The series, from what I understand from a recent New York Times article I read about the whole thing, is an attempt to get people more interested in the museum's permanent collection, not just the special exhibits. The theme of all the Spun exhibits is the use of textiles.
But the exhibits of Material World don't seem, to me, to be completely focused textiles. For instance, one of the pieces is just an arrangement of colorful erasers, while another is an arrangement of things like colorful rolls of tape and cans and balls, all arranged on a small pedestal to look like a city. And one very large work, which seems to be a gigantic tree trunk, with roots, chopped into pieces to look like some three-dimensional, comic-book-like version of a big city, all splayed out atop scattered papers, which also have fixed to them squares and slots of wood that look like miniature versions of big cities.
Nevertheless, the theme of weaving and textiles resonates throughout the exhibit. The most interesting use of textile work is in two knit works by an artist named Oliver Herring. These works use mylar ribbons, knitted together in some kind of double pattern or crossed-over pattern.
One of the works, made out of transparent mylar, is a thick rectangle with a hole in the center, inside of which is a replica of a coat, also made out of transparent mylar. The other work, which I liked a lot, is knitted out of silver mylar. It shows a double image of a man getting out of a rocking chair. The man is double, and the rocking chair is double, to illustrate, I guess, the duplicity of motion in a frozen moment.
Another work which made interesting use of string is called "Initiator," by an artist named Lin Tianmiao. This work has a female mannequin, the white paint covering her grey body chipping away, facing a knee-high frog. The frog is pulling the woman's hair -- made out of strands of white silk and as long as a bridal train -- into his mouth. This all takes place before a curved, pink wall.
I think this piece is a very interesting combination of fairy tales: the story of the frog prince and, of course, Rapunzel. But the white hair also reminds me of the white-haired demons and witches in Asian legends -- or, at least, I should say, in Japanese anime and Chinese and Japanese horror movies. But it's a strange spin on it all. After all, the frog is pulling the woman's hair out. As he does, the woman's body is chipping away, the white paint revealing the grey material underneath. The transformation about to occur doesn't seem like a happy ending.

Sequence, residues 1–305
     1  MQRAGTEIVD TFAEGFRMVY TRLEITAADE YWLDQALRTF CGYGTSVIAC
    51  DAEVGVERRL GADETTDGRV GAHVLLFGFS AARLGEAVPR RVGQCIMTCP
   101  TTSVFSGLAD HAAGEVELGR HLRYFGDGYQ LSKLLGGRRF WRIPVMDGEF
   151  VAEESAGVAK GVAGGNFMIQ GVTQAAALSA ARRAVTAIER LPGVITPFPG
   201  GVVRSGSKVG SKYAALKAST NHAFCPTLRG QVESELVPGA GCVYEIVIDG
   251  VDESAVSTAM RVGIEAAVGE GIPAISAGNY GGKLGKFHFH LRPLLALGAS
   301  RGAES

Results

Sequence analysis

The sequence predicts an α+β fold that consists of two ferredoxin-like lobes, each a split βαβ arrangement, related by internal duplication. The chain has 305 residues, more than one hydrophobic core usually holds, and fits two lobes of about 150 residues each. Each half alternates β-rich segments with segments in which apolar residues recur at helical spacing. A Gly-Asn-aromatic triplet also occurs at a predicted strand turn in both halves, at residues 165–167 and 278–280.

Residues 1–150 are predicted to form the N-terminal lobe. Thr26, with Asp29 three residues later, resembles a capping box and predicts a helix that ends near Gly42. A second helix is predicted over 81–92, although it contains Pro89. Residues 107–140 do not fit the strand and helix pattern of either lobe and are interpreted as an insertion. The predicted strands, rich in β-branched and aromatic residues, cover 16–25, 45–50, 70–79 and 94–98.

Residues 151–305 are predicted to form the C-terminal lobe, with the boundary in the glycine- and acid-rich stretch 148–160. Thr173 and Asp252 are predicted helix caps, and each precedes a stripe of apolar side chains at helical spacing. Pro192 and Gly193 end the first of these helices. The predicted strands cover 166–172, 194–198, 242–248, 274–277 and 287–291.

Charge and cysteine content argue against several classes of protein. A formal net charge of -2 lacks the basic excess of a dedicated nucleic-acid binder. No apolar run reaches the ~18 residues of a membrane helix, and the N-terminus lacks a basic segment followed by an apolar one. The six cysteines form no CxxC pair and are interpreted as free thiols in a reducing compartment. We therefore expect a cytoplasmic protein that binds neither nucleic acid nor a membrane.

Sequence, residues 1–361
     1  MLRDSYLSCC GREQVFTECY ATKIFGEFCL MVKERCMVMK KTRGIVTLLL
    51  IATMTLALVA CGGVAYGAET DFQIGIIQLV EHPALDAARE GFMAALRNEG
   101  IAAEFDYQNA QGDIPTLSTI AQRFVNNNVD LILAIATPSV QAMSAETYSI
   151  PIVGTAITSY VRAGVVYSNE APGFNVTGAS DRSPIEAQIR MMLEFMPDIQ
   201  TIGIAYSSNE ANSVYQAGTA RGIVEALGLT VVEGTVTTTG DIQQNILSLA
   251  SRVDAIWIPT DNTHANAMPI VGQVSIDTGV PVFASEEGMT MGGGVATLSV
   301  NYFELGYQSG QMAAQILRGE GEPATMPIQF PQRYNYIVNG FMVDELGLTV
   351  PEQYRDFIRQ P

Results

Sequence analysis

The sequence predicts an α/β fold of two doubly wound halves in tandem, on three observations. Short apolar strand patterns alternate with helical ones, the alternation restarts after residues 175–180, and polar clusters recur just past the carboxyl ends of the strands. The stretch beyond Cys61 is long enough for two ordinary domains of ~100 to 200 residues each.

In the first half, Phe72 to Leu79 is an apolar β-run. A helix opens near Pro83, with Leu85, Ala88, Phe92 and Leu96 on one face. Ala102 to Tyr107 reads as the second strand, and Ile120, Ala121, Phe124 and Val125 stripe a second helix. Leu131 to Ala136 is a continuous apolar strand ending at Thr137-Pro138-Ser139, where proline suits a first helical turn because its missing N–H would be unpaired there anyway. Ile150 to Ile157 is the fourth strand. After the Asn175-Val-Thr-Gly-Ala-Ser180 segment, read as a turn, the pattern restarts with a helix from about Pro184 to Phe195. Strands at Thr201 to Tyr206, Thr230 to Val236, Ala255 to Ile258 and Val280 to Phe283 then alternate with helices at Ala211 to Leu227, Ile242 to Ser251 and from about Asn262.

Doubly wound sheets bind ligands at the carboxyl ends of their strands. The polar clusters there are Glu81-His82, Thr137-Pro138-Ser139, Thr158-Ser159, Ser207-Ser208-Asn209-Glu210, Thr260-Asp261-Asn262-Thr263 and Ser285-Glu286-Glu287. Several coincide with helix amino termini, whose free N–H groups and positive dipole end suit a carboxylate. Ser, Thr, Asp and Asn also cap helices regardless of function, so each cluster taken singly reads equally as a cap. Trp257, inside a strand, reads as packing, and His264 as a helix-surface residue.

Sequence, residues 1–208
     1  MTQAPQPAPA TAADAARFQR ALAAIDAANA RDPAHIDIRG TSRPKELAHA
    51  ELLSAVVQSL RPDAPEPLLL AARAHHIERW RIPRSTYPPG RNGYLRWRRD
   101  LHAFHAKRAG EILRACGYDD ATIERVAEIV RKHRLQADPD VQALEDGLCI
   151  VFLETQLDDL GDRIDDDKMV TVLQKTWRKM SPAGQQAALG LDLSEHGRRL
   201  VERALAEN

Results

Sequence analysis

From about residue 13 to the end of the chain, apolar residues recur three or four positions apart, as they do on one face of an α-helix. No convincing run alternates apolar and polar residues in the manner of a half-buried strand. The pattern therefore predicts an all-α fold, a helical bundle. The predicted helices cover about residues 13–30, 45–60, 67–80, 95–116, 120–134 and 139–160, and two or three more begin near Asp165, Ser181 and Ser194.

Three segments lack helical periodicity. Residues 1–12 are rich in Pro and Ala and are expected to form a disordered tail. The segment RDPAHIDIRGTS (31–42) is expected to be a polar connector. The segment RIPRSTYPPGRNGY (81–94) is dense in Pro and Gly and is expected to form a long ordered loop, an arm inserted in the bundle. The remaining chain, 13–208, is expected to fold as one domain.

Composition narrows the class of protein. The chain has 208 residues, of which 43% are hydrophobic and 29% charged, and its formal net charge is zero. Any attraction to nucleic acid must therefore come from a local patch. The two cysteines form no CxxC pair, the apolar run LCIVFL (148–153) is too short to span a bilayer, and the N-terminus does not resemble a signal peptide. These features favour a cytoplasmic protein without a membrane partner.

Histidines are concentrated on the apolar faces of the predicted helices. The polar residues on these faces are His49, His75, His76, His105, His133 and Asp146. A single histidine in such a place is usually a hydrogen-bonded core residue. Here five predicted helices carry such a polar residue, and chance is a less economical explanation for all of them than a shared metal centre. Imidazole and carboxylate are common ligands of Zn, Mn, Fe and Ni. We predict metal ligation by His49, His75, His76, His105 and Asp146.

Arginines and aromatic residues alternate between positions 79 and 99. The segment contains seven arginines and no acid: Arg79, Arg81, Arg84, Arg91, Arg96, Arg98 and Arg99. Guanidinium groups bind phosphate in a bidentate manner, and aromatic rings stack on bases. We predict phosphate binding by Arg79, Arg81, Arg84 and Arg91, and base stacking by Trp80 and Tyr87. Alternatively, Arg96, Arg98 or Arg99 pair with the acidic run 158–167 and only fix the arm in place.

Another collection of works I liked in the exhibit was by an artist named Lucas Samaras. One of the works is very textile-based: it's kind of a crazy-quilt, with bars of different colored textiles spanning across the work to create a star pattern or fragmented mandala.
Another work by Samaras is some sort of small chest, painted black with white spots, and then encrusted on the inside with small colorful beads and on the outside with pebble-sized, colorful, plastic "jewels." On the top half of the interior are three heads, which I suppose are portraits of Samaras. The bottom half of the interior is lined with pencils, which have a kind of psychedelic pattern printed on them. Before that is a miniature stage, heaped up with a hefty, scattered pile of pins, atop which stands a lacquered praying mantis, being ridden by a miniature Greek bust of a woman.
Also by Samaras is a standing work that looks like a mobile, or maybe even a mobile within a mobile. The framing of the mobile is mostly made out of metal netting and -- I think! -- twisted clothes hangers. But there are also some copper wires and painted-over, metallic kitchen tools. A couple of the legs of the figure are, I think, made out of a knife and a fork. And hanging through the figure are broken pieces of colorful wine glasses. A mannequin's face is masked by some of the metal mesh on one side of the figure.